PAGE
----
• Protein and carbs are essential for recovery and the ratio depends on the weight and the goals of training. High protein diet is good for muscle recovery but a good store for carbohydrates is necessary for the endurance runs.
  • Junk food has to be strictly controlled and monitored. An occasional treat is acceptable but as long as the calories are taken into account when planning your meals.
  • Use sports drinks and electrolyte-rich drinks after a workout to recover quickly for the next day. There are lots of options available in the market and it is good to check the nutritional information on the label in detail before consuming them.

Fuelling options a day before and on race day

I usually have a very sensitive stomach so I keep it very simple before the marathon. I try to stay extra hydrated for a few days before the run. Heavy breakfast on the day before the race, a carb-rich lunch (usually bland pasta) and a light dinner consisting of soup and a light salad or just a dinner roll work best for me. Not everyone is the same and I have runner friends who eat a proper carb-rich meal for dinner too and manage pretty well. Marathon day breakfast is a bagel or toast with some peanut butter and some black coffee. I carry a banana to the start line to eat about half an hour before the run starts.

Wholesome natural meals are always a good idea and mindfulness helps in several ways. The rules of good nutrition remain the same for everyone and it makes a big difference in the way your body responds to the increased training load. Having a constant check on your weight and paying attention to your meals helps us see those changes you want to see in your body.

It is always good to start slow and make gradual changes to move towards the kind of diet you need and soon eating healthier meals becomes a habit. Try not to compare with others because each person is different and there is no single ideal diet you could follow. It might seem difficult to keep track of so many things at first and follow the training plan but it gets a lot easier with practice.

GUEST COLUMNIST

 

Shailja is a mother of 2 kids and a part time model for a sustainable brand close to her heart called www.kinche.com. She’s either running after the kids or running to stay sane.

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Gear Comments Off on The Right Running Support |

The Right Running Support

Deepthi tries the Under Armour Eclipse Non-Wired Sports Bra to understand if it makes for comfortable running gear.

When it comes to running for women, there are two must-have pieces of gear that every woman must invest in – good running shoes and a sports bra. Now, I have covered running shoes in several of my previous articles, in this edition I would like to talk about sports bras.

So, is wearing a sports bra while running really important? The short answer, YES! Any form of physical activity makes your breasts bounce but a repetitive and continuous activity can result in pain, soreness and make your breasts sag. The breasts are supported by two weak structures – Cooper’s ligaments and the skin itself. They have no muscles and are not connected to any other part and move independently of the rest of the body.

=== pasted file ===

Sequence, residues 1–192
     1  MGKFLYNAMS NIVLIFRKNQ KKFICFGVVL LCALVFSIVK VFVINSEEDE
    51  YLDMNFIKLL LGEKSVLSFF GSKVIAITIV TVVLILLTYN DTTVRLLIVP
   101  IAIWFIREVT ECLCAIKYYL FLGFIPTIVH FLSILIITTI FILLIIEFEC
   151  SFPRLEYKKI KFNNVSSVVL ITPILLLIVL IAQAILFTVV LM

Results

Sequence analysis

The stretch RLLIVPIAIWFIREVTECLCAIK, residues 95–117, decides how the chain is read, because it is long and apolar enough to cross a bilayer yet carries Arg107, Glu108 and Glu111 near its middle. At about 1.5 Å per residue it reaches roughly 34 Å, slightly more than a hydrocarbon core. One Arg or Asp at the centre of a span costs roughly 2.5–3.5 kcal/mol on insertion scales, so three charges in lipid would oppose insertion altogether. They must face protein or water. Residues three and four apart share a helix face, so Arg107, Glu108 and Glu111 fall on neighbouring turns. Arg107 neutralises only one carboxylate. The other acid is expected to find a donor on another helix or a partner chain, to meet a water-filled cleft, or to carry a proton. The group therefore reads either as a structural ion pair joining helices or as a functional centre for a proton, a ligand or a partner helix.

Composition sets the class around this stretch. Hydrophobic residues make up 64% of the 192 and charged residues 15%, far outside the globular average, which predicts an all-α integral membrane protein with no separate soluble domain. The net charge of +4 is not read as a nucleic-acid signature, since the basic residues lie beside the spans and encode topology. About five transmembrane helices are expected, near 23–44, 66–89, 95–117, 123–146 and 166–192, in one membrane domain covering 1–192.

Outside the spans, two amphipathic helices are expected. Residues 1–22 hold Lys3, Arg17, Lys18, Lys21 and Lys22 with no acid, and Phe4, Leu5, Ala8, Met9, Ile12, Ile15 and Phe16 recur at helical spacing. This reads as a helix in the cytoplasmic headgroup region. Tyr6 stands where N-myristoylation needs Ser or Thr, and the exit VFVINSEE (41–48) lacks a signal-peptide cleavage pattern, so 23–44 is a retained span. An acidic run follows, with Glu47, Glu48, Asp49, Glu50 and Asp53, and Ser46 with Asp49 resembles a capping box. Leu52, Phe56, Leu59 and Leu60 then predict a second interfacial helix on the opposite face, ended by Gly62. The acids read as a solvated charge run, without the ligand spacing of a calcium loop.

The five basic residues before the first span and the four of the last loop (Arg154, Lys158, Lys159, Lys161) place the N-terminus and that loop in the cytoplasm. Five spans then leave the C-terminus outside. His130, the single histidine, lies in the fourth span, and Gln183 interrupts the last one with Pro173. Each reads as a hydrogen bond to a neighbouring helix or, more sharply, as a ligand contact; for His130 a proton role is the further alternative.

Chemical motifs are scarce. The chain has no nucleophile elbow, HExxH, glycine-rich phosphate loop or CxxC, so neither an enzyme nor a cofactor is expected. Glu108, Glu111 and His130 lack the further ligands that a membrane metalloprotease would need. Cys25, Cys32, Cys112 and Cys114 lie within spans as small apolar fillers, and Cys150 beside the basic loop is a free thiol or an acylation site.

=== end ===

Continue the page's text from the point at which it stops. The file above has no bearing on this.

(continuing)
It is important that every woman, no matter what size she is, should wear a sports bra while running. Sports Bras are designed to give you the added support, limit movement when exercising especially running and also to prevent breast pain.

Finding a right sports bra that provides plenty of support during a run isn’t only about comfort, but it can make or break your workout routine. A sports bra that has poor fitting leads to painful chafing and will not provide you with the high-level support you need while kicking it hard at the gym or on the road. Because sizing systems vary and everybody is different, finding a supportive and comfortable sports bra that fits requires some trial and error.

You need to choose a bra that works just as hard as you but at the same time looks good too. You also need to keep in mind the type of activity and your chest size before going ahead and buying a bra. This is where the Under Armour eclipse non-wired sports bra comes in to do the job beautifully.

This bra uses the compression technology that gives you a close, second-skin fit and medium-impact support that lets you focus on your running and not worry about hurting yourself.

Product Features

  • Fabric is made of Nylon and Elastane
  • The bra has pockets for removable padding that add modesty and shape
  • Super-breathable SpeedForm power mesh lining
  • Unique open back with criss-cross straps
  • Studio Lux fabric provides unyielding support with a super soft luxurious feel
  • Clean, bandeau-inspired front with soft, breathable cups for extra structure and coverage
  • The material used helps in wicking away sweat leaving you feeling dry and light
  • 100% Imported, 90 days product warranty against manufacturing defects
  • Available exclusively on Amazon

Price

This product is available in different sizes and colours and is priced anywhere between INR 2299 – INR 5386 depending on the size chosen.

It is definitely worth every penny and a must try for all women. It is of excellent quality, provides great support for high impact workouts, sweat resistant and breathable making you feel strong from the inside. The adjustable straps ensure that my shoulders don’t get dug in and ache on longer runs.

If you run without a bra, or just use a standard t-shirt bra you are more at risk of developing back and breast pain as a result of this. Sports bras are specially designed to support your breasts ALL the way around, making sure they are secure and allowing the skin to breathe.

No matter what type of exercise you do, buying a good quality sports bra is the same as buying good quality sneakers, it will support your body and enhance your workout routine!

ABOUT THE AUTHOR

 

Deepthi Velkur is a former sprinter who is trying her hand at various sports today. A tennis fanatic, who believes that sleep should never be compromised.